All About Performance Bonds

Want to know more about Performance Bonds including what they guarantee, what do they cost and how do you get one? The video below explains everything contractors need to know about the basics of Performance Bonds.


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Bid Bonds vs Performance Bonds

Performance Bonds and Bid Bonds are both important types of construction bonds. However, these are two very different tools with different guarantees. Learn more about what separates these contract bonds. 


What is a Bid Bond?


A Bid Bond is a type of contract surety bond that guarantees that a contractor will honor their bid amount and enter into a contract if awarded. A Bid Bond protects the project owner or General Contractor by making sure that the bidding party does not back out of their bid or increase the bid price. If the bidding contractor will not enter into a contract at the bid price, an Owner can file a claim on the Bid Bond.


What is a Performance Bond?


A Performance Bond is a type of contract surety bond that guarantees that a Contractor will complete a project according to the contract and specifications including the contract price. A Performance Bond protects a Project Owner or Upstream Contractor by ensuring that they get a project completed at the agreed upon price.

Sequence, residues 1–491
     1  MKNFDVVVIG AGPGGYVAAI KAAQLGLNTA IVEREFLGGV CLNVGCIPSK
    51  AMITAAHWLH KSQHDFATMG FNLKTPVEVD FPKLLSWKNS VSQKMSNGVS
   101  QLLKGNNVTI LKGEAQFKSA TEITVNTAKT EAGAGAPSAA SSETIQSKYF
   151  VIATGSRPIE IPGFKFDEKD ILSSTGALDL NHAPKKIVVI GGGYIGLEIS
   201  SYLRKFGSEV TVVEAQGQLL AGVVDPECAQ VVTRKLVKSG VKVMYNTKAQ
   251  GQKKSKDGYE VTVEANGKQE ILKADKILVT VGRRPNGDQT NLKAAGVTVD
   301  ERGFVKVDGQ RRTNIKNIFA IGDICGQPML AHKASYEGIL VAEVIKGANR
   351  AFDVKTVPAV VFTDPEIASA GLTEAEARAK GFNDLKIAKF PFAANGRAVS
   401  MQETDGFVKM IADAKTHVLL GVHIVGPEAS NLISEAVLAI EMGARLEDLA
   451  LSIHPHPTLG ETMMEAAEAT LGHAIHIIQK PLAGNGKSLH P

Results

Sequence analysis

Similarities in Bid Bonds and Performance Bonds


Parties to the Bonds


Both Bid Bonds and Performance Bonds have the same parties involved. This is usually a Contractor who is bidding the project or performing the work. This party is called a Principal on both of the bonds. The Project Owner or Contractor that is benefitting from both bonds is called the Obligee. Both bonds are written by a Surety who is the bond company that is backing the Contractor’s guarantee on both Bid Bonds and Performance Bonds. 


Bid Bonds vs Performance Bonds - This chart shows that both bid bonds and performance bonds have the same three parties which are a Principal, Obligee and Surety. This chart has colorful tools all around it.




Underwriting is the same for both Bid Bonds and Performance Bonds. The contractor must be underwritten by a surety bond company in order to receive both bonds. This underwriting process is referred to as the “3Cs” which stands for Credit, Capacity and Character.